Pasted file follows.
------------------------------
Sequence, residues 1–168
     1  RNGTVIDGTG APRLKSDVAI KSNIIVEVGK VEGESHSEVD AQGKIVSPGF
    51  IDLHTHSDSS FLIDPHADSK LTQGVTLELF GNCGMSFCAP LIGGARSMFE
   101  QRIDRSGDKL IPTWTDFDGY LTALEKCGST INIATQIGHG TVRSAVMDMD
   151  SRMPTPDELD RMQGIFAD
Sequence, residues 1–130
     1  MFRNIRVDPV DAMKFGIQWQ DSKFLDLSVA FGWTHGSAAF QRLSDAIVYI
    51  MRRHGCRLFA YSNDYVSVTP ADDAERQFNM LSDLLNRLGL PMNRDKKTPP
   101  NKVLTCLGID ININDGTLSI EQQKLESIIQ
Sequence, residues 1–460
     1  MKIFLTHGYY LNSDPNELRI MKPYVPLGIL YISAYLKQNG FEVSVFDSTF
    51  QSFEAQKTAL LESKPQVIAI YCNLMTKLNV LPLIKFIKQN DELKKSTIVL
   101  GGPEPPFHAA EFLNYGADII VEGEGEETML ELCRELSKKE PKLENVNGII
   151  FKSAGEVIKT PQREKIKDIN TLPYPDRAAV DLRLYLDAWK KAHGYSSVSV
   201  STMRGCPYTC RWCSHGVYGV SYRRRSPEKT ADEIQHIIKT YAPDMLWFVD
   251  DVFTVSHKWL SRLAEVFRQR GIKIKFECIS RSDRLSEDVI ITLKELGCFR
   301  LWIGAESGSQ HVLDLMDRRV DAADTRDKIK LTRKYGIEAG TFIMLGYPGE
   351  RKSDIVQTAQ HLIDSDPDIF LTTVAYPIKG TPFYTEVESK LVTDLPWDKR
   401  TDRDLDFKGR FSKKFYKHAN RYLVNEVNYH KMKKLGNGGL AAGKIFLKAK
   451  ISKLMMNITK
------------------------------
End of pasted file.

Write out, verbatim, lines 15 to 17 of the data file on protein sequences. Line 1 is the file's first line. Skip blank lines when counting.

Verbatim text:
   201  STMRGCPYTC RWCSHGVYGV SYRRRSPEKT ADEIQHIIKT YAPDMLWFVD
   251  DVFTVSHKWL SRLAEVFRQR GIKIKFECIS RSDRLSEDVI ITLKELGCFR
   301  LWIGAESGSQ HVLDLMDRRV DAADTRDKIK LTRKYGIEAG TFIMLGYPGE